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Erik Burgess, Published October 26 2013

Mike Hulett: The wannabe movie director

MOORHEAD - Countless white DVD cases are stacked tightly on bookshelves in the back of the living room, like a piano with no black keys.

Recorded on the discs are weddings, parties, vacations, family history and memories because if Mike Hulett had a second life, he’d be a videographer.

“I keep telling people, I think it’s gonna be what I do when I grow up,” the 69-year-old Hulett said in an interview from his south Moorhead home last week.

The first-term councilman from the 3rd Ward is one of four candidates running for mayor. The election is Nov. 5.

A self-proclaimed “uncle that videos the wedding,” Hulett has been filming since the days of Super 8, but he’s not a trained videographer.

An Eau Claire, Wis., native, Hulett graduated from the University of Minnesota in 1966 with a degree in economics and political science.

Immediately after, he entered the Navy during the Vietnam War, reaching the rank of lieutenant. He landed in Moorhead in the early 1970s, and was the human resources director for the city of Moorhead for 13 years until 1988. Then he was the HR executive at Fargo Clinic and stayed on the job for MeritCare after the merger until 2001.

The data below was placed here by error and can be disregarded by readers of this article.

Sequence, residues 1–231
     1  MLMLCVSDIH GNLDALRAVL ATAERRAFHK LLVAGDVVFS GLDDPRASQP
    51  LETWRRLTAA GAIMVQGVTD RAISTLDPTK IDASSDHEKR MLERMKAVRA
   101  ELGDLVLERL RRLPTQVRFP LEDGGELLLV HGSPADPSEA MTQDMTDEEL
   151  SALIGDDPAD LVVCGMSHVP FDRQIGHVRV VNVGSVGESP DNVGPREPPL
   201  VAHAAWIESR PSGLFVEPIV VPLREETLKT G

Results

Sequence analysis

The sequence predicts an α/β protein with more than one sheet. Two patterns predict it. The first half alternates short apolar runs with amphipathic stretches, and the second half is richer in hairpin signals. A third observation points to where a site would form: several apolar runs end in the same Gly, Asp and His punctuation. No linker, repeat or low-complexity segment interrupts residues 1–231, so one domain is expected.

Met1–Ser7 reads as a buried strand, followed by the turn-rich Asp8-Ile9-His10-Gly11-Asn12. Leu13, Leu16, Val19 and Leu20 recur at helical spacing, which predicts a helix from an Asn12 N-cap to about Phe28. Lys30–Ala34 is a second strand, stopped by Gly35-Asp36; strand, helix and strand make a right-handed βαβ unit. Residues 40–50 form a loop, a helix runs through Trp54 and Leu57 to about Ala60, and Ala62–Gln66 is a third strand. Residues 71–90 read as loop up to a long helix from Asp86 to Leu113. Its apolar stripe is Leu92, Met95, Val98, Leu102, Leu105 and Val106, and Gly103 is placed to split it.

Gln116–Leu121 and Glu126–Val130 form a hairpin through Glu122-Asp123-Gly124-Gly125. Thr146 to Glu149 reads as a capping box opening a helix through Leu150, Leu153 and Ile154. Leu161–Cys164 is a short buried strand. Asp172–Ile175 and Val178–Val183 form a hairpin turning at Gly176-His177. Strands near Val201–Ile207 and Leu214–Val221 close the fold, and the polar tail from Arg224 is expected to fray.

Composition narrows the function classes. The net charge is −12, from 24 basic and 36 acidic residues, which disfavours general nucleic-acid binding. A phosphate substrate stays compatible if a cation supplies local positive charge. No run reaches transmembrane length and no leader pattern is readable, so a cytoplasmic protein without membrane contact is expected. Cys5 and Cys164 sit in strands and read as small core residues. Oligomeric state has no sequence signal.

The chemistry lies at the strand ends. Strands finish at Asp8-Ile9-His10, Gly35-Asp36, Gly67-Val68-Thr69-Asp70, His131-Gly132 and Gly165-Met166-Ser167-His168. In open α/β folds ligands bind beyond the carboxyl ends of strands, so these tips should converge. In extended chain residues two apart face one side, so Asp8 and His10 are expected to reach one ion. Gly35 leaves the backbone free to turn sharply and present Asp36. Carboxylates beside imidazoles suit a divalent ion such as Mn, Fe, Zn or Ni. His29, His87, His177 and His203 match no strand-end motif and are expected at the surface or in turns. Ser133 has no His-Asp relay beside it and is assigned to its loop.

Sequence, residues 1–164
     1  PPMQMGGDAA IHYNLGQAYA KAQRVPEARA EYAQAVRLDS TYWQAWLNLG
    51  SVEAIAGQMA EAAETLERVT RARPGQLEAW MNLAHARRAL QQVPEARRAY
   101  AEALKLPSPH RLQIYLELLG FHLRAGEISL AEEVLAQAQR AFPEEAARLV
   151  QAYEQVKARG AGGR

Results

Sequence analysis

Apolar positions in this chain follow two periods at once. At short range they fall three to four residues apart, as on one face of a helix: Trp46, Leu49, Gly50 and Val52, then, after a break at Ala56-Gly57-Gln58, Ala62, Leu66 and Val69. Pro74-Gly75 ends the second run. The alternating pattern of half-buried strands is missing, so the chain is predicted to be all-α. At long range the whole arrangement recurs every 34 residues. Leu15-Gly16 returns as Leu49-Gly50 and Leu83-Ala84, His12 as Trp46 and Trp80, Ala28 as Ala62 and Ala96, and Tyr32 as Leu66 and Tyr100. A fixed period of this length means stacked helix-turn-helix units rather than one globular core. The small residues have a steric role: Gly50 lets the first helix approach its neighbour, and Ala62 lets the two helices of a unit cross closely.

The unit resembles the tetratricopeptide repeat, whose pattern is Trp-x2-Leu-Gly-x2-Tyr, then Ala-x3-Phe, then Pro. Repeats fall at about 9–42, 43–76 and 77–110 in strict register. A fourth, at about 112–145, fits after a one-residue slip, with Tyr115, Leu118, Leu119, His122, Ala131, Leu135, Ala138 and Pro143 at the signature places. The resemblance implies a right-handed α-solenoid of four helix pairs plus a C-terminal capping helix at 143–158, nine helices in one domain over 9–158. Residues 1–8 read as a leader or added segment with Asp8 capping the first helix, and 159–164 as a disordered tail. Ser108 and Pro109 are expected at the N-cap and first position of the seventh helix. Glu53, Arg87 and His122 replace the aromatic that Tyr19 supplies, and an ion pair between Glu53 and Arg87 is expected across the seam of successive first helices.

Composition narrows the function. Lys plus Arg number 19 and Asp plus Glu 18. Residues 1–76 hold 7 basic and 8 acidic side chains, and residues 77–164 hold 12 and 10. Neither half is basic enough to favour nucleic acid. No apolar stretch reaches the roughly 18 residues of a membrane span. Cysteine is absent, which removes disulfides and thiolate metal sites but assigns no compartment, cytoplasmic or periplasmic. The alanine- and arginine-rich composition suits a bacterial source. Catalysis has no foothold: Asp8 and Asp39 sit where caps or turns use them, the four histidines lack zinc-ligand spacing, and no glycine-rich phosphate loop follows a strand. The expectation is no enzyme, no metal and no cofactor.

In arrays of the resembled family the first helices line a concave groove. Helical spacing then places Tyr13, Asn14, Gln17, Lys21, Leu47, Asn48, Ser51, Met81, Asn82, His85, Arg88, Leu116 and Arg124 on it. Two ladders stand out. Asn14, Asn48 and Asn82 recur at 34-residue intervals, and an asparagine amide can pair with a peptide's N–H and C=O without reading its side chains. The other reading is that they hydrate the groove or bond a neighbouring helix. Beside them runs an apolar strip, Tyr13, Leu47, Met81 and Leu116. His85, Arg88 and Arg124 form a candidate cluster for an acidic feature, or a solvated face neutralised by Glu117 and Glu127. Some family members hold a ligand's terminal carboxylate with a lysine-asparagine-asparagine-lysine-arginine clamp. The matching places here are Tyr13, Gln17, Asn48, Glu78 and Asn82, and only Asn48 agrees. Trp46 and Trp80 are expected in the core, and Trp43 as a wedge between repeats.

But he’s always come back to the videos.

In Hulett’s home – which he’ll proudly tell you he helped design from the ground up – his sunroom has multiple computers, a Blu-ray burner and a new GoPro video camera.

He’s done video work for Darrol Schroeder, co-chairman of the Fargo AirSho, filming him as he chronicled his memories as a fighter pilot in Europe.

“This is one of the things that I think we need to be doing, especially with our old soldiers,” Hulett said. “Because he remembers every detail. It’s all on tape now.”

He plans to do a similar project with Dick Walstad, another pilot and co-chairman of the AirSho.

“I do that as a gift for people,” Hulett said.

Sometimes he straps on the GoPro when he goes bicycling, another passion of his. He and Janie, his wife, often take trips to Itasca State Park, booking the campsites a year in advance to be near premium bike trails by the lake.

In retirement, Hulett volunteers as a Clay County deputy sheriff at the courthouse and continues to do human resources consulting. He says he’ll likely give up consulting if elected mayor.

But he’d still do the videos.

When Hulett was in his mid-20s and a recruiter for the Navy, he visited the student union at the University of Illinois in Rockford. Anti-Vietnam animus was high on college campuses, Hulett said, and he and another recruiter caught wind that a group of about 700 anti-war protesters were going to come clean their clocks. They were backed into a corner in a small hallway before police in full riot gear came to the rescue.

Decades later, by chance, Hulett was helping his son move into the same campus.

“I said ‘Matt, we gotta go down to the student union … I wanna see if the same place is still there where I almost bit it,’ ” Hulett said.

When he found it just as he remembered, he filmed it, naturally.